A new study demonstrates that American adults frequently overestimate the quality of their diet
Is your diet healthy? It seems to be an easy question, but according to recent research, it is one that most Americans fail to answer correctly.
“We found that only a small percentage of U.S. adults can accurately assess the healthfulness of their diet, and interestingly, it’s mostly those who perceive their diet as poor who are able to accurately assess their diet,” said Jessica Thomson, Ph.D., research epidemiologist with the U.S. Department of Agriculture’s Agricultural Research Service in the Southeast Area, the study’s lead author. “Additionally, most adults overrate the quality of their diet, sometimes to a substantial degree.”
Thomson presented findings at NUTRITION 2022 LIVE ONLINE, the flagship annual meeting of the American Society for Nutrition that was held from June 14th to 16th.
The goal of the study was to determine if a single, straightforward question may serve as a substitute for or addition to the comprehensive dietary questionnaires that are often used in nutrition research as a screening tool for nutrition studies. Self-rated health has been demonstrated to be a reliable indicator of morbidity and death in previous studies, but little is known about the relationship between self-rated diet quality and real diet quality.
The National Health and Nutrition Examination Survey, a twice-yearly survey of people in the United States that is nationally representative, provided the data for the research. Participants were required to fill out comprehensive 24-hour food recall forms and evaluate their diet as excellent, very good, good, fair, or poor.
The quality of each participant’s diet was graded by researchers using the meal recall questionnaires. Fruits and vegetables, whole grains, healthy fats, dairy products with reduced fat, seafood, and plant proteins are some examples of foods that were rated as healthier. Refined grains and meals heavy in salt, added sugars, or saturated fats were among the foods thought to be less nutritious.
The study revealed significant disconnects between the researcher-calculated scores and how participants ranked their own diet. Out of over 9,700 participants, about 8,000 (roughly 85%) inaccurately assessed their diet quality. Of those, almost all (99%) overrated the healthfulness of their diet.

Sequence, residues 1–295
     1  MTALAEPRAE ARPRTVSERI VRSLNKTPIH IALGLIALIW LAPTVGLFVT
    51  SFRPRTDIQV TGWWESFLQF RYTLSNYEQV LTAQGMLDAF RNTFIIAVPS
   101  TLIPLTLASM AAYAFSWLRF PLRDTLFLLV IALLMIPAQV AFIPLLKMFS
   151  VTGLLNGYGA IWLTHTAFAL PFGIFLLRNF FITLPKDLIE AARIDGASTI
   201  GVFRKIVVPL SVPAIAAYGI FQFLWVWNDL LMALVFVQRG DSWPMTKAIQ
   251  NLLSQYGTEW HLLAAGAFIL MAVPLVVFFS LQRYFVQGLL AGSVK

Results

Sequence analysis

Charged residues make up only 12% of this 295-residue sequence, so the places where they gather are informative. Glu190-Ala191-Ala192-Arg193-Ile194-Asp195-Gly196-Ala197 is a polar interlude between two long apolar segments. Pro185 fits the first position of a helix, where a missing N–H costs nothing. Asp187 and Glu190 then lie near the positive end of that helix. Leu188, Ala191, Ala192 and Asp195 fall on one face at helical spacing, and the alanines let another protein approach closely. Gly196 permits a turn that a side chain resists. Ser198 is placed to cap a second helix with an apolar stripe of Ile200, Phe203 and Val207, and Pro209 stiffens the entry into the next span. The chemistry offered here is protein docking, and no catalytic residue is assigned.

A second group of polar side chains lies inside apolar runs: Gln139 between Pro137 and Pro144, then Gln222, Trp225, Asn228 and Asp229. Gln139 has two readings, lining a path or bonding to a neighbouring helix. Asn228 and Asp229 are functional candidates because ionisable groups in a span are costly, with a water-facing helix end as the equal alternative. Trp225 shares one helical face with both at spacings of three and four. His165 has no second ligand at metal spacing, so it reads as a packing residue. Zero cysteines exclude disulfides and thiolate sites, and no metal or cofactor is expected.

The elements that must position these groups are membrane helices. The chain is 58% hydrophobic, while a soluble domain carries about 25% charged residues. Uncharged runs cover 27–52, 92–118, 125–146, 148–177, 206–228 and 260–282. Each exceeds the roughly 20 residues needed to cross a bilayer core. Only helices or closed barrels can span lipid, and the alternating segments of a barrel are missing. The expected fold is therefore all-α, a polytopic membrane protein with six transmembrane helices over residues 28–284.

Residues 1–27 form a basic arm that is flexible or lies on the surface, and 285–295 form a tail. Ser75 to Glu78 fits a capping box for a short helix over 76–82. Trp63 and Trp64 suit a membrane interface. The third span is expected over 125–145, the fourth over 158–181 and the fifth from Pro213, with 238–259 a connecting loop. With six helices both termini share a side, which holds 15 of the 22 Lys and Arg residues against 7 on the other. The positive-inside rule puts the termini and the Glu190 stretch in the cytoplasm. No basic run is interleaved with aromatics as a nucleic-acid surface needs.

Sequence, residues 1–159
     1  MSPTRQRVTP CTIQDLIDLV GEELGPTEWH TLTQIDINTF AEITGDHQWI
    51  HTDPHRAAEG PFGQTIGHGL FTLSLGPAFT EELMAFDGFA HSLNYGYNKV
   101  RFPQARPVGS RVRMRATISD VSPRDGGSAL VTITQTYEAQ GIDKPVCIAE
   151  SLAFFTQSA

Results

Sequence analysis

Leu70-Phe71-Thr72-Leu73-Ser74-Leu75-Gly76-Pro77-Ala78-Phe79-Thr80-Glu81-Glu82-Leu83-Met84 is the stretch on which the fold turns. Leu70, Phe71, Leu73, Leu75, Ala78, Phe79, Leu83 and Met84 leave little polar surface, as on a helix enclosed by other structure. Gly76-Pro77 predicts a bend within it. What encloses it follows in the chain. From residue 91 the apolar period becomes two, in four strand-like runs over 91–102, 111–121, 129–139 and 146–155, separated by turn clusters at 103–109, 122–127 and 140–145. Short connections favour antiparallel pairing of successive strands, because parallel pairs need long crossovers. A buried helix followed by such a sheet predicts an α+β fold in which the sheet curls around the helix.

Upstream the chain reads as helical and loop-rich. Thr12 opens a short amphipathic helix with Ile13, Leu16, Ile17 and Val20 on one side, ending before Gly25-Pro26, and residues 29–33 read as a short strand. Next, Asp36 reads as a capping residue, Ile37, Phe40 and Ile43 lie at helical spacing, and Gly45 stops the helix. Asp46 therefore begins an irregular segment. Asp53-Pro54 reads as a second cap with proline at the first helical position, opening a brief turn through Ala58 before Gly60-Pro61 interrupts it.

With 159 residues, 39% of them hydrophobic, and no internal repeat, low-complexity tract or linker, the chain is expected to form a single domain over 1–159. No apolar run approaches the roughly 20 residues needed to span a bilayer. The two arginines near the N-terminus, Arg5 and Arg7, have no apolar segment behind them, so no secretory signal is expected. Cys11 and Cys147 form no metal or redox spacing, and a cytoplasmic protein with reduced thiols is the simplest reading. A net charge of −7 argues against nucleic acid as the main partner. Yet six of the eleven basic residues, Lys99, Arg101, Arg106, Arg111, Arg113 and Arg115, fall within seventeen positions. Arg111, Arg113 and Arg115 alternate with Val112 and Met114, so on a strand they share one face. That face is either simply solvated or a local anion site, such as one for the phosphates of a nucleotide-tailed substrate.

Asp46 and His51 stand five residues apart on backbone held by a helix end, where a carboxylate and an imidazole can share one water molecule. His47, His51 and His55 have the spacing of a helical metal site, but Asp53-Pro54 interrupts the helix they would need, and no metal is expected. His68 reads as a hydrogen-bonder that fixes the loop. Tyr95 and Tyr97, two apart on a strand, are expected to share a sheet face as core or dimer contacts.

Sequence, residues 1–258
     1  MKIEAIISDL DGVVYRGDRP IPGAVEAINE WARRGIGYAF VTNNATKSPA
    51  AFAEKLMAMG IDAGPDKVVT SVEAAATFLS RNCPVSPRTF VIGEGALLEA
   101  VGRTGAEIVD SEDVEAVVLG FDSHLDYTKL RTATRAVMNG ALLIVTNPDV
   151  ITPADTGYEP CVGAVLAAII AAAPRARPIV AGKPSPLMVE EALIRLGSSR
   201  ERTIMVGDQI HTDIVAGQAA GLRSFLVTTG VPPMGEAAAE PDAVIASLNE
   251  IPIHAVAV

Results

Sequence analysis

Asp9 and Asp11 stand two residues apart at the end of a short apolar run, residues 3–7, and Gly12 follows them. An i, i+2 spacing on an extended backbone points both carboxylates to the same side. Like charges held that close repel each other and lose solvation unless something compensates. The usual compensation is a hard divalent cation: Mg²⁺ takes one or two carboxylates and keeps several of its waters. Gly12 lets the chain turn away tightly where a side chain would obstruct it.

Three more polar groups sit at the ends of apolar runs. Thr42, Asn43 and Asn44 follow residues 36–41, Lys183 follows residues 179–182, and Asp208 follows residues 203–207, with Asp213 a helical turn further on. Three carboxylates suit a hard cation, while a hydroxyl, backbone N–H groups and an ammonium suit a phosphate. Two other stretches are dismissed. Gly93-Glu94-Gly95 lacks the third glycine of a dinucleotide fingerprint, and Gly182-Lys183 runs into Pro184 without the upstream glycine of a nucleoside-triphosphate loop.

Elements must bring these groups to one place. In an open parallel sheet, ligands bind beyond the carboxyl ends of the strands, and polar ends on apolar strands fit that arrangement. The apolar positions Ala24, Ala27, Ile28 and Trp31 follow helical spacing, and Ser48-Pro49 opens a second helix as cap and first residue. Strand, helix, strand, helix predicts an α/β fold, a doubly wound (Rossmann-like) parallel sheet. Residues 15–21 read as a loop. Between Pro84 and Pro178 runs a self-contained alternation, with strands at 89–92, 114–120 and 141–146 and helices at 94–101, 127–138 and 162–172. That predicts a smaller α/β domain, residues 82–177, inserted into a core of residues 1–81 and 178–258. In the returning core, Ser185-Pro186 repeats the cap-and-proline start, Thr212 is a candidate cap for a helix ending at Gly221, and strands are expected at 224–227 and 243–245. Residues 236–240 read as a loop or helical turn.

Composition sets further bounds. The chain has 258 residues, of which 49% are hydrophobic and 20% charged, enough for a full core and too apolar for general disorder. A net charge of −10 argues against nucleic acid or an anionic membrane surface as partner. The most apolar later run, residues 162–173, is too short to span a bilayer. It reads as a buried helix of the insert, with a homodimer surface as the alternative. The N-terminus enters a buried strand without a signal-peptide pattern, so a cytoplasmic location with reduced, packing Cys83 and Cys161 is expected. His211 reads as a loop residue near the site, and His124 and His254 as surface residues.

Surprisingly, accuracy was highest among those who rated their diet as poor, among whom the researcher’s score matched the participant’s rating 97% of the time. The proportion of participants who accurately assessed their diet quality ranged from 1%-18% in the other four rating categories.
Thomson said further research could help to elucidate what factors people consider when asked to assess their diet quality. For instance, it would be helpful to know whether people are aware of particular dietary recommendations and whether they take into consideration where their food is purchased or how it is prepared.
“It’s difficult for us to say whether U.S. adults lack an accurate understanding of the components of a healthful versus unhealthful diet or whether adults perceive the healthfulness of their diet as they wish it to be—that is, higher in quality than it actually is,” said Thomson. “Until we have a better understanding of what individuals consider when assessing the healthfulness of their diet, it will be difficult to determine what knowledge and skills are necessary to improve self-assessment or perception of one’s diet quality.”
Meeting: NUTRITION 2022 LIVE ONLINE